Nothing is more frustrating than dealing with a “problem mare” when it comes to getting that particular mare in foal. There is a wide range of causes that can underlie subfertility/infertility and management of a problem mare to maximize reproductive performance varies from case to case. There are obvious conditions that can lead to subfertility such as age, poor vaginal conformation and breeding induced endometritis. A decline in fertility with age is a natural process in mares. Oocytes (i.e. eggs) are aging which results in a higher incidence of early embryonic death. Unfortunately there is no treatment available for this phenomenon. The uterus as well undergoes age-dependent degenerative processes, the degree of which can be determined through obtaining a uterine biopsy. The so called Kenney and Doig scoring system provides an estimation of the likelihood of a mare to carry a pregnancy to term. A grade IIb for example correlated to a 10-50% chance of maintaining a pregnancy until term. A Grade IIII correlates to less than 10% chance of maintaining a pregnancy until term. If offspring is desired from a mare that with advanced uterine degeneration, carrying out an embryo transfer (ET) should be considered. In this case, the embryo will be removed from the hostile uterine environment and transferred to a younger recipient mare. Poor vaginal conformation is another obvious cause of subfertility. Poor vaginal conformation often time leads to ascending uterine infections that can be diagnosed through a uterine culture and cytology. Management comprises the correction of the poor conformation (either through a Caslick’s surgery or a more advanced reconstructive surgery) along with a treatment of the uterine infection. Breeding induced endometritis is a condition occurring in young and in old mares. Once a mare is diagnosed as “susceptible”, this condition can be managed to maximize the chances of this mare to get pregnant. Management includes the administration of an ecbolic agent such as oxytocin as early as 4 to 6 hours after artificial insemination and uterine lavages if required.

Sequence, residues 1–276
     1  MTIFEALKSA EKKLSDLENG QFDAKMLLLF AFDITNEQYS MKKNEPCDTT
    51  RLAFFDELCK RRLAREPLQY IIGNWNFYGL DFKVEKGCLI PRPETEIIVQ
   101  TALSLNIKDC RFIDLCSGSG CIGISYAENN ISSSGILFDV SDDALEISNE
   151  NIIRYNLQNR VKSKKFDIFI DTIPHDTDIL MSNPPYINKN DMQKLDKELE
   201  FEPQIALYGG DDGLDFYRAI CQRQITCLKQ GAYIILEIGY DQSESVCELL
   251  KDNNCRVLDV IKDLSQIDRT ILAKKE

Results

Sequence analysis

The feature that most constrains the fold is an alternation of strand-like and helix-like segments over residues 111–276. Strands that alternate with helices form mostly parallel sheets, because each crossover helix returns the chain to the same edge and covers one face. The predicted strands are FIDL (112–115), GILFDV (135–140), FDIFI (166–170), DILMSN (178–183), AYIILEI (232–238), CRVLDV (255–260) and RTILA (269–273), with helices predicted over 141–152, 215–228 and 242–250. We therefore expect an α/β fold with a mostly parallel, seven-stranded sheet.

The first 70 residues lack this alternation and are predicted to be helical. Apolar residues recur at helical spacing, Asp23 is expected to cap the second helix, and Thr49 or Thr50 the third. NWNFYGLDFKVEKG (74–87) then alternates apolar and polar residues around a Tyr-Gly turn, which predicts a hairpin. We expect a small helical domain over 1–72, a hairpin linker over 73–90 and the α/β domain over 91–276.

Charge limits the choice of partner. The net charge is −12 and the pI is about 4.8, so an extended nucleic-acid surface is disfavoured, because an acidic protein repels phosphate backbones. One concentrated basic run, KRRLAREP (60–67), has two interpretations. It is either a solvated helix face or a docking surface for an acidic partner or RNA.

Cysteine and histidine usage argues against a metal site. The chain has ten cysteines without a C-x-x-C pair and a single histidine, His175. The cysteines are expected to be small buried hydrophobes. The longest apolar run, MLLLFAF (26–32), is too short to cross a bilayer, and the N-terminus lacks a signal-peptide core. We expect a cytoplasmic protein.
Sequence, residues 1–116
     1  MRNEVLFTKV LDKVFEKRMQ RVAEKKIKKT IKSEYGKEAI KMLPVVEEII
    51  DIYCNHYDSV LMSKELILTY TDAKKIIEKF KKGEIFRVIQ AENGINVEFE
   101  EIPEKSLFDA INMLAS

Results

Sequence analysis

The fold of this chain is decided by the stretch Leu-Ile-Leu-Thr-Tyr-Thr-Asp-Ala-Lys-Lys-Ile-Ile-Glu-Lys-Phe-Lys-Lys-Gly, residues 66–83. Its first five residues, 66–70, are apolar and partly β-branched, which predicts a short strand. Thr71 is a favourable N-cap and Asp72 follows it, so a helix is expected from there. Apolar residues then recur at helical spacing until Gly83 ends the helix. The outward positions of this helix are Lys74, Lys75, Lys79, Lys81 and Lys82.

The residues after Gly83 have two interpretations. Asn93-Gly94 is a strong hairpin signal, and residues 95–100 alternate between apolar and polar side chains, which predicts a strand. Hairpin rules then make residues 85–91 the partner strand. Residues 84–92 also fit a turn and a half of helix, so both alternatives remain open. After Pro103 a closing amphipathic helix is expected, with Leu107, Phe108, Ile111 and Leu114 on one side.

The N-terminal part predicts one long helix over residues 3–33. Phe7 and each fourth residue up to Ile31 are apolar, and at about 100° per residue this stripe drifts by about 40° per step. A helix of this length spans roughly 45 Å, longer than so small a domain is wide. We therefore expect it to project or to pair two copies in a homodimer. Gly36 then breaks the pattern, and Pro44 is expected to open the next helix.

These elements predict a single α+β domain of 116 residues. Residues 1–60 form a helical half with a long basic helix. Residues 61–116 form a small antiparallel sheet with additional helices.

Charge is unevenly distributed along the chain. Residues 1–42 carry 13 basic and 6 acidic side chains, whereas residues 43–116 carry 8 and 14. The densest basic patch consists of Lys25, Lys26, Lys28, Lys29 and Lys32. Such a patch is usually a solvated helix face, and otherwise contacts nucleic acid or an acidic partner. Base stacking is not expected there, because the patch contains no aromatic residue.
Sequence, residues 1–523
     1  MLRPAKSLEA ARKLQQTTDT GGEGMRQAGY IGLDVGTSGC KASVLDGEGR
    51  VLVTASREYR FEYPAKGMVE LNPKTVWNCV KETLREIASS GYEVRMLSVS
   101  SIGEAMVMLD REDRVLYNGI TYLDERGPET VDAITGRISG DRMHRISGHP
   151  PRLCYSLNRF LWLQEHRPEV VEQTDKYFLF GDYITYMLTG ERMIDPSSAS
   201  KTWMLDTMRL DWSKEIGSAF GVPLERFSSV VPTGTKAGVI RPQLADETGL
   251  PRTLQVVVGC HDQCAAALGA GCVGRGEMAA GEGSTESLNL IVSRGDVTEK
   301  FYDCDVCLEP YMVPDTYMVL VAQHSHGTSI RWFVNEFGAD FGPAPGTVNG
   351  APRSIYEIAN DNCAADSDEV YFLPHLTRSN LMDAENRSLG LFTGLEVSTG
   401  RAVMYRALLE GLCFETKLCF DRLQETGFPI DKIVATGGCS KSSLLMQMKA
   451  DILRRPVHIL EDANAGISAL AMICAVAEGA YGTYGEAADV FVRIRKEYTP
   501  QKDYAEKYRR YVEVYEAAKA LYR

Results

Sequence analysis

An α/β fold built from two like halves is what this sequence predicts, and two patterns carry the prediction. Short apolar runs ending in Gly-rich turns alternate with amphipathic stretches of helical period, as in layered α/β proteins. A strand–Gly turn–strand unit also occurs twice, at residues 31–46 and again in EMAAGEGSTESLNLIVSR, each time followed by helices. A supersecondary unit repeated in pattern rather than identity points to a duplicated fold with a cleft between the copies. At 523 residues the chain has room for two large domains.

In a small number of mares, anovulatory follicles can occur repeatedly (either in the form of an anovulatory follicle that luteinizes, or in the form of a persistent follicle that does not luteinize). A mare with a known history of anovulatory follicles that luteinize may be managed through the administration of prostaglandins during estrus until ovulation occurs. In some cases this can prevent the occurrence of an anovulatory, luteinizing follicle. Anovulatory follicles that do not luteinize can persist for weeks and interfere with breeding management. As long as this anovulatory follicle is present, the mare will not come back in heat. These persistent follicles can be managed through transvaginal ultrasound-guided aspiration of the follicular fluid. This will result in luteinization of the follicle and the mare can then be short cycled so that she comes back into heat and can bred.